Bert Thomas was 17 years old during World War II when he joined the U.S. Marine Corps. After a tough boot camp typical of the Marines, he was sent to the Pacific theater and fought in the bloody battles in the Marshal Islands, Saipan, and Iwo Jima.
Trained and experienced in amphibious assaults, Thomas quickly learned to swim in the ocean as a native of the Rocky Mountain state of Colorado.
While stationed in Pearl Harbor on Oahu before being shipped out to war, he caught the open water swimming bug and competed in an 8-mile swim. This led his commanders to recruit him as a combat swimmer with a Marine reconnaissance battalion.
After six years in the Marines, Thomas moved to Tacoma, Washington in 1948 where he worked as a logger and longshoreman. Peacetime was welcomed, but then the itch to get back in the water came from an unexpected corner.
In 1954, he heard about the local newspaper offer of $7,500 to English Channel swimmer Florence Chadwick for her attempt to cross the Strait of Juan de Fuca and $10,000 if she was successful to swim from Canada (Victoria, British Columbia) to the USA (Port Angeles, Washington). The tough ol’ Marine, who had experienced so much during war, was intrigued. And then inspired as Chadwick retired in 47ºF (8.3ºC) water after swimming 5 miles in 5 hours 11 minutes in August 1954.
But for all his experience and motivation to swim across the international boundary between Canada and the United States, failure followed him several times before success was achieved.
Thomas was confident in his unique abilities to withstand hypothermia. He explained his mindset to The Marine Digest, “The cold [water] doesn’t bother me. It was stiffening fingers and arms that helped beat Chadwick. But the cold doesn’t affect me that way. I go into the water feet first, a little at a time. That way, it’s not such a shock to the system. The blood cools gradually. Once I get warmed up, I can keep going for hours.”
But the big bucks offered to Chadwick were not there for the retired Marine and all the others who wished to succeed where Chadwick failed. The Victoria Daily Times offered $1,000 to the first person to conquer the Strait of Juan de Fuca while local businessmen threw in $700 and the Port Angeles Chamber of Commerce added another $1,800 to sweeten the pot.
With the goal of a north-to-south crossing across the Strait, Thomas moved to the Canadian side of the strait in March 1955. Daily, he began working out in the cold, choppy water of the strait, gradually building up to 10 miles. Acclimated and inspired, Thomas thought he was ready to go in April before others beat him to the punch. But his training required more commitment than he first imagined.
In April, Thomas made his first north-to-south attempt, swimming 6 miles in 4 hours 10 minutes before being beaten by the elements. On his second north-to-south attempt in June, he was accompanied by 3 rivals who all quit earlier than Thomas who punished himself to an unsuccessful 10 hour 22 minute attempt. Thomas tried 19 days later, but he was defeated again. Relentless and pushing himself with his innate Marine mindset, he attempted again on only 3 days rest, but the tides and currents were too much on his fourth attempt.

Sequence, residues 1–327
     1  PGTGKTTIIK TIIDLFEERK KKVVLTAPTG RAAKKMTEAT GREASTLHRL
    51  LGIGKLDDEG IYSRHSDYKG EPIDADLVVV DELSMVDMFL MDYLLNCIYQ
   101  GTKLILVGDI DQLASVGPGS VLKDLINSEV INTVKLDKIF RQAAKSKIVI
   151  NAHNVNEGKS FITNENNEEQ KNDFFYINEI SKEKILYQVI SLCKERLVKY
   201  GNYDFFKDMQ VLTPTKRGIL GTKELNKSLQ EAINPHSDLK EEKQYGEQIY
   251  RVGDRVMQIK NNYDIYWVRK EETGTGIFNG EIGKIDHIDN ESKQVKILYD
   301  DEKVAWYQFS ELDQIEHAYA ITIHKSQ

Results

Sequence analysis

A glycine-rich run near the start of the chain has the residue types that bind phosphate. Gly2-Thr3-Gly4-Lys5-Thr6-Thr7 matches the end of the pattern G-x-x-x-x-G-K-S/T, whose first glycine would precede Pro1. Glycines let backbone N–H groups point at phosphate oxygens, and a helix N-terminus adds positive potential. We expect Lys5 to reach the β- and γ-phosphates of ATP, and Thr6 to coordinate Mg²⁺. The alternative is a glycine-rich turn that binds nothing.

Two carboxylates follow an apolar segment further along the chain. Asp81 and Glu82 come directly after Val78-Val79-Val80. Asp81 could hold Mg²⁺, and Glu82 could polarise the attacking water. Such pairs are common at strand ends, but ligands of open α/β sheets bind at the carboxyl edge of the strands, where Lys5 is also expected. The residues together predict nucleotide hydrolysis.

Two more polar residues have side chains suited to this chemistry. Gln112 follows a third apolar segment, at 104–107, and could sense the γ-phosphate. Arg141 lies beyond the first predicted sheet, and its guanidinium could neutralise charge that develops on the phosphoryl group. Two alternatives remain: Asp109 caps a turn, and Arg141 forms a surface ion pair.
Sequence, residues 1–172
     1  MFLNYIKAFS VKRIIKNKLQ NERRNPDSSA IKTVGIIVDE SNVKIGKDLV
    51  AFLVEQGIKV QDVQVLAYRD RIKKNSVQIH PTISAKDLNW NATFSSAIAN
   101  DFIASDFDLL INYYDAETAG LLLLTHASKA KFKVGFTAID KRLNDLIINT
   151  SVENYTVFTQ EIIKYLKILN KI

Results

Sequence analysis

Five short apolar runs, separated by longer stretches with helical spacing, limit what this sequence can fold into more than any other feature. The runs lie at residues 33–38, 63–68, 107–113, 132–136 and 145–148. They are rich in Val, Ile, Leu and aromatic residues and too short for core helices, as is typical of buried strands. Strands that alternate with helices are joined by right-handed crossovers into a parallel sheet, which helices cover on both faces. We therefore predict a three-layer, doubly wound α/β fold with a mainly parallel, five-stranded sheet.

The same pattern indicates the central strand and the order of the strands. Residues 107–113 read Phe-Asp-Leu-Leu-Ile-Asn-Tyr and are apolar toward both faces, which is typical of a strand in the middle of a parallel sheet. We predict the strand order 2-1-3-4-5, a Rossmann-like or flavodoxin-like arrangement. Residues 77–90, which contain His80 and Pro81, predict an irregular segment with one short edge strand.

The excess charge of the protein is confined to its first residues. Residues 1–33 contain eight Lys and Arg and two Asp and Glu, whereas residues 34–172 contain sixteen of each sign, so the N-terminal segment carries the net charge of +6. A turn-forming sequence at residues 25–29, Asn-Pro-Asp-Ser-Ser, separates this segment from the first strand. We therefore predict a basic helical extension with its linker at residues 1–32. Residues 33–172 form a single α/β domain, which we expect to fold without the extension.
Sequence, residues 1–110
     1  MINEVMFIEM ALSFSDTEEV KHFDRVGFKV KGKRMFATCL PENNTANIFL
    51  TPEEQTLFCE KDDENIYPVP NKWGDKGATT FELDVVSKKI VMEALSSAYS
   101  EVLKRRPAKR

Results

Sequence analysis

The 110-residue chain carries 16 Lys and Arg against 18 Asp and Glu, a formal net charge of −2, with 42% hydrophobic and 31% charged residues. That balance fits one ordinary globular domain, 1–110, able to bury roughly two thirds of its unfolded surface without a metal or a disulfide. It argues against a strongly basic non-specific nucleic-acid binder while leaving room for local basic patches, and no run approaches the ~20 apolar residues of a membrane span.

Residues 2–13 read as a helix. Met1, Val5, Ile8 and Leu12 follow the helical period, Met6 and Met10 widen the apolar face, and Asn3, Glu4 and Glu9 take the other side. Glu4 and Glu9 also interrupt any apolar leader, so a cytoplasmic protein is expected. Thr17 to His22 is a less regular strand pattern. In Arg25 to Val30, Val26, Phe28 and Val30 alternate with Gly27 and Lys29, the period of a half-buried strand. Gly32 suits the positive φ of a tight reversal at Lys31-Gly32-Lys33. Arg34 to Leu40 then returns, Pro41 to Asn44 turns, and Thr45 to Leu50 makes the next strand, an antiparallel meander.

Now it was time for mind over matter.
Instead of bucking against the inevitable, Thomas changed strategies and decided to swim in the south-to-north direction, starting in Port Angeles on the American side. With the sun on its downward arc, he started with the outgoing tide at nearly 6 pm on July 7th, 1955. Cold, as in 46ºF (7.7ºC) water, was not his primary enemy, but outfoxing the tidal flow was. On his fifth attempt and 16th attempt overall, he reached Canadian waters in a relatively quick 3 hours 15 minutes from the start. But with the sun setting and darkness settling in, his supporters built a large bonfire on the Canadian side in order to keep his escort boat on course. With his visual cue blazing brightly against the black of night, a radio station set up loudspeakers and blasted military tunes over the water in an attempt to keep the Marine motivated.
Only a mile from shore, it looked to be his day. But the tides had shifted and Thomas was fighting against the tide at 3 am in the morning. Cold and dark with the possibility of another defeat weighed heavily on his mind. But 2,000 spectators had lined the shore and watched Thomas dig deep until he reached the shore at 5:05 am to finish the 18.3-mile (29.4 km) crossing in 11 hours 10 minutes.
1. Bert Thomas – 8 July 1955 (11 hours 10 minutes)
2. Cliff Lumsdon – 17 August 1956 (11 hours 35 minutes)
3. Amy Hiland – 18 August 1956 (10 hours 51 minutes)
4. Ben Laughren – 18 August 1956 (10 hours 17 minutes)
5. Marilyn Bell – 23 August 1956 (10 hours 38 minutes)
6. Vicki Keith – 10 August 1989 (14 hours butterfly)
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